The disparate regulatory arrangements were recently reviewed by the Ministerial Council on Consumer Affairs (MCCA) which, in December last year, released a Regulatory Impact Statement proposing uniform regulation of finance brokers. Under the proposals, regulation would be administered by the states on a nationally harmonised basis, and would apply to all brokered loans, other than business loans to large firms or amounts over $2 million.

The proposals address business conduct, disclosure (especially of fees and commissions), mechanisms for dispute resolution, ‘fit and proper’ background checks, and minimum standards of education or experience. For example, on disclosure of commissions, the MCCA has proposed that contracts between consumers and brokers disclose whether or not the broker will be receiving a financial or other benefit from a third party. The MCCA also recommends that brokers be required to justify recommendations and provide a suitability test for loan products.

The MCCA also proposes extending arbitration for dispute resolution beyond the existing system, which is voluntary and not available to all customers of brokers. The MCCA envisages a non-judicial, but compulsory, mechanism involving an industry ombudsman. It also proposes that mortgage brokers be required to hold professional indemnity insurance against the risk of breaching regulations.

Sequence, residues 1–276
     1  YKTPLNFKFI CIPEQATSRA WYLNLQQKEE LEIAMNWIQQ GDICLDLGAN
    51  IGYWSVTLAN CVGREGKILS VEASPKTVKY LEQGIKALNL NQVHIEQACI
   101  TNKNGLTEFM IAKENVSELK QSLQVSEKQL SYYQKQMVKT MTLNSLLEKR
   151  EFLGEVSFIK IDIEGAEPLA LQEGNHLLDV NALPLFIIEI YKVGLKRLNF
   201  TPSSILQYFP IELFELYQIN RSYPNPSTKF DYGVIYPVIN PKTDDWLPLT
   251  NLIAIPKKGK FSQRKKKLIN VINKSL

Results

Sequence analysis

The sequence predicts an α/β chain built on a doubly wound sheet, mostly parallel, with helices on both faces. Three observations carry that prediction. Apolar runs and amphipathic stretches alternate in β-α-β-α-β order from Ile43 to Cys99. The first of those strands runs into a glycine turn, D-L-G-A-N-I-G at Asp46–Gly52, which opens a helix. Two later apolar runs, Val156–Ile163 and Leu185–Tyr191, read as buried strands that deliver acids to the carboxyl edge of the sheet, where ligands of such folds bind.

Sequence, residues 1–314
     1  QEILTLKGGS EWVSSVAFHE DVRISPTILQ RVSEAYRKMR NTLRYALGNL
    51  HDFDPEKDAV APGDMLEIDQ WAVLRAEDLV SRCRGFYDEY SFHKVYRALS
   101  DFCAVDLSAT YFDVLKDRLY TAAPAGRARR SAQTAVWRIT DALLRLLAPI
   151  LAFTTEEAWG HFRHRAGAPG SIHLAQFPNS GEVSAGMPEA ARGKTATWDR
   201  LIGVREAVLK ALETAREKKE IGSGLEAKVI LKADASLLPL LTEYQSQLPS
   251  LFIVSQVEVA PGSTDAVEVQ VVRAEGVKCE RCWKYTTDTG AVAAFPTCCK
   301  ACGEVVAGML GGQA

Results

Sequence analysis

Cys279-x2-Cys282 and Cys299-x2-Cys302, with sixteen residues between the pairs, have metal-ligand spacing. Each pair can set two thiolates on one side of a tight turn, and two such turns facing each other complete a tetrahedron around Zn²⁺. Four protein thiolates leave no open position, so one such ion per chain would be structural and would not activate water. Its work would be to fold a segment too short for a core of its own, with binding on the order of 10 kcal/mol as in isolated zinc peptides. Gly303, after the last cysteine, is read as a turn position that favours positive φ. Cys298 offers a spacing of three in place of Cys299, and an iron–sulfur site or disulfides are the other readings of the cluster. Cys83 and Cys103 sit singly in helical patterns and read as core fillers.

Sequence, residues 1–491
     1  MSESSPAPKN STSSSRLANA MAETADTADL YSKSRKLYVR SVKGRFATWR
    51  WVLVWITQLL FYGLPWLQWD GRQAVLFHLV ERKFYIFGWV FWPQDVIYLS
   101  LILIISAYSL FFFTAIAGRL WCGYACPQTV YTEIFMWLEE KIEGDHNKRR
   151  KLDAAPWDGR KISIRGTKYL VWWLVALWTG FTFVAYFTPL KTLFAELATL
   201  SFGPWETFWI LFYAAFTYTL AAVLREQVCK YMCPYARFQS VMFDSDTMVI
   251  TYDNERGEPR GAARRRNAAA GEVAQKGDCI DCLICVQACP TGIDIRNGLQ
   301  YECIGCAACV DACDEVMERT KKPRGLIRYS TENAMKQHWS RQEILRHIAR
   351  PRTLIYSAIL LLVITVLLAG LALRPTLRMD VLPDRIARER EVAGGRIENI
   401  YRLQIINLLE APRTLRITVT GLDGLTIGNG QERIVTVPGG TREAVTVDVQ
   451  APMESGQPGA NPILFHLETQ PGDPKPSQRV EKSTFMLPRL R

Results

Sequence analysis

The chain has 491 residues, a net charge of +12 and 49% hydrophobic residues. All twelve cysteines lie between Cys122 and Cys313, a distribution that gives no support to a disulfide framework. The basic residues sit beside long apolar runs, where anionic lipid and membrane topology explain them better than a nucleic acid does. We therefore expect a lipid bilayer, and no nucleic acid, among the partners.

3.4 Financial Sector Assessment Program

As noted above, Australia is scheduled to participate in the FSAP conducted by the IMF and World Bank. The process will commence later this year, with the final report expected to coincide with the conclusion of the regular Article IV Consultation in mid 2006. The Australian Treasury will co-ordinate the process, with participation by APRA, ASIC, the Reserve Bank and private financial institutions.

A core element in the process is an assessment of Australia's compliance with internationally accepted standards and codes relating to the financial infrastructure. The IMF currently recognises 12 such standards relating to accounting, auditing, anti-money laundering and combating the financing of terrorism, banking supervision, corporate governance, data dissemination, fiscal transparency, insolvency and creditor rights, insurance supervision, monetary and financial policy transparency, payment systems, and securities regulation. Typically, compliance with only a subset of these standards is assessed as part of the FSAP process. It has not yet been decided which specific standards will be examined in Australia's case.